If you missed Steve Breen’s farewell cartoon in The San Diego Union-Tribune yesterday, it’s worth seeing, along with his departing message.
I shared it on Facebook, resulting in a couple messages from those who apparently don’t always appreciate Breen’s politics.
As a student of journalism and the history of journalism, I came to love the history of editorial cartoons in this country, not only as an art form, but also as a reflection of current events.
A glance back at some of the best political cartoons published over the years provides compelling snapshots into history, often casting humor on the most pressing issues of the day.
One of the most famous such political editorial cartoons is the 1812 “Gerry-mander,” showing the extent to which Massachusetts Governor Elbridge Gerry pushed salamander-like district boundaries favoring his party. The cartoon ended up coining the gerrymander term now used for over 200 years in politics.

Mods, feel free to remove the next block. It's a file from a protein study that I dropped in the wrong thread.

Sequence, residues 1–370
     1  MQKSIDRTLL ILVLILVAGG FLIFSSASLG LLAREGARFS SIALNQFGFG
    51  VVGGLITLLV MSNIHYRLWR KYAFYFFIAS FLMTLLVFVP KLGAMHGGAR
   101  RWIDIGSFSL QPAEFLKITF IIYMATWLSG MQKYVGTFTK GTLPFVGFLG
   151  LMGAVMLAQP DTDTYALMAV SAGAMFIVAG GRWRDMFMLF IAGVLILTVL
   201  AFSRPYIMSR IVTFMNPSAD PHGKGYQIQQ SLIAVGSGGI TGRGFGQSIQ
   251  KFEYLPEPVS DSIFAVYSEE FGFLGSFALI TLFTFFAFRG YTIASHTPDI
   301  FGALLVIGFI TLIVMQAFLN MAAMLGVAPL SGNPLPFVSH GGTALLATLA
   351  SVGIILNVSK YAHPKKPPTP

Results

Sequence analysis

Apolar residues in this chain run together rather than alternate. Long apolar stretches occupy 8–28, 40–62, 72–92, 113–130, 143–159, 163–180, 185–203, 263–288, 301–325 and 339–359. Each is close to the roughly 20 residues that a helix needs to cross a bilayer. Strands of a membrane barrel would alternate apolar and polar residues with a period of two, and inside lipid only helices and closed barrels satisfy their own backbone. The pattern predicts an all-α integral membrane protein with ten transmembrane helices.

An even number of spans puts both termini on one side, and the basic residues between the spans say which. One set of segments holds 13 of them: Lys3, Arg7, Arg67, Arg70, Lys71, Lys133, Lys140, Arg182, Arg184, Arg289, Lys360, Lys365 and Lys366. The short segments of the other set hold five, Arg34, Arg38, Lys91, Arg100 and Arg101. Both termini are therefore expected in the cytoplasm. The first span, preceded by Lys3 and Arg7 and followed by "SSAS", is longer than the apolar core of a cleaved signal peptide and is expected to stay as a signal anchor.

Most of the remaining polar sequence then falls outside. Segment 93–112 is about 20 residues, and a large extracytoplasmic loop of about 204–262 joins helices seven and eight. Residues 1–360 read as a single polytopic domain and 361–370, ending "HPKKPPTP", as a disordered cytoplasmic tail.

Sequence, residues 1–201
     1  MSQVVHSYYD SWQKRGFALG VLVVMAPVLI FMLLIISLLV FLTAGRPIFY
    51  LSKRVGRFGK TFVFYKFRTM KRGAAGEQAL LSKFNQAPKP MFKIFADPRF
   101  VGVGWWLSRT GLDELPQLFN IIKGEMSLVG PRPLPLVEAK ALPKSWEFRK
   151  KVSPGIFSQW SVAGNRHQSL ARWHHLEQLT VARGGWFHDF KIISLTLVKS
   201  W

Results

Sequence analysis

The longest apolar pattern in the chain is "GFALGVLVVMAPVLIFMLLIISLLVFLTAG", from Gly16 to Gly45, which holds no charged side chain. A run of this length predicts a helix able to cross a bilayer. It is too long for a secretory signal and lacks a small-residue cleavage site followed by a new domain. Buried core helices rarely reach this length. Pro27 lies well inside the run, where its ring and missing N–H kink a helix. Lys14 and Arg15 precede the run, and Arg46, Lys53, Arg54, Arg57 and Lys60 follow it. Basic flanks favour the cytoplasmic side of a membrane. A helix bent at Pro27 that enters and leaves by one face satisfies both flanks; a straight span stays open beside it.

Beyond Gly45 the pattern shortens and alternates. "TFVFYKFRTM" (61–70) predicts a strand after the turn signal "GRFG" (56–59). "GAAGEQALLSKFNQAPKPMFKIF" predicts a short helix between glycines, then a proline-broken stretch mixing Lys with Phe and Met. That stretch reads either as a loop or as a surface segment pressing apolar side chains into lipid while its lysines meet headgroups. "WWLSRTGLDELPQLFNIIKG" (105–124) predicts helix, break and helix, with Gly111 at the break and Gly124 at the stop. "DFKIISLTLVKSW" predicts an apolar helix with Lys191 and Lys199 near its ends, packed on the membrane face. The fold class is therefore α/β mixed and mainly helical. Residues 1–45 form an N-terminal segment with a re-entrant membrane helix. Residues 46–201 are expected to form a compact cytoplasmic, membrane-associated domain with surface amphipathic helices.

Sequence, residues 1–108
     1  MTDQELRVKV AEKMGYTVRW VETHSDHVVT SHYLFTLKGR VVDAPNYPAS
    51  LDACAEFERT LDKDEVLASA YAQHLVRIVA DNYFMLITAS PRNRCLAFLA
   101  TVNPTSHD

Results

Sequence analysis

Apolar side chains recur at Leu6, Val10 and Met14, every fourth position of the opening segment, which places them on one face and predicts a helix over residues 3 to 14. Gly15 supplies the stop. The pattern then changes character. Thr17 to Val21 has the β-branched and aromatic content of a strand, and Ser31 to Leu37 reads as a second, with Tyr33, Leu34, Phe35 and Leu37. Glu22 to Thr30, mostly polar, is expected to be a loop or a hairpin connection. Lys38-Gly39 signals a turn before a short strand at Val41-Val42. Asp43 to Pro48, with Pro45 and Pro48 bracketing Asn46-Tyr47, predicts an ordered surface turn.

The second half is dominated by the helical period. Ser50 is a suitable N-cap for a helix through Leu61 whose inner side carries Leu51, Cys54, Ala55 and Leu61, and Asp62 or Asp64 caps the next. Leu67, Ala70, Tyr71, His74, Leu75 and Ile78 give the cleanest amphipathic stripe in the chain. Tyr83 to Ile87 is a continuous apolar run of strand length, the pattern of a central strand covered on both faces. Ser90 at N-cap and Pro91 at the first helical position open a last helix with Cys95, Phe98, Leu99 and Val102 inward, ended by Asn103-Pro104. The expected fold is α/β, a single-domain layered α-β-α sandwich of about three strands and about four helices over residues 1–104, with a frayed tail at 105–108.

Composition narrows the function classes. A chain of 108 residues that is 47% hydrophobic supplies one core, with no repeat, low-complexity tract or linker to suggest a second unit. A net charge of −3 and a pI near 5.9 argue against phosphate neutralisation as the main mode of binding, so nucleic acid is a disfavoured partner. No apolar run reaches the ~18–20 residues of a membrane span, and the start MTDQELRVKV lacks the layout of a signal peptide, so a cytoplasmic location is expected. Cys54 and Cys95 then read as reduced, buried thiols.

Hundreds of thousands of editorial cartoons over the years have provided humor and opinion to millions of readers, in a unique, succinct way a written editorial can’t begin to touch.
Political cartoons were memes before there were memes. They are the impactful and artful sound bites of opinion, as compared to the 500 to 750 word editorial piece that oftentimes people just don’t take the time to read.
If a picture tells a thousand words, a political cartoon may compress the same number of words into a singular point.
Of course I don’t always agree with the sentiments of the cartoonists. Does anyone? When Steve Kelley was with the local paper, his work was probably more reflective of my opinions. Yet Steve Breen often made me laugh, even at times I may not have agreed with the message his creativity meant to convey.
Breen is just one of the many talented journalists leaving the SDUT in the aftermath of the recent sale. I salute them all, whether or not I may have always agreed with them.
As for Breen in particular, I’ll miss his creative artwork and thought-provoking humor.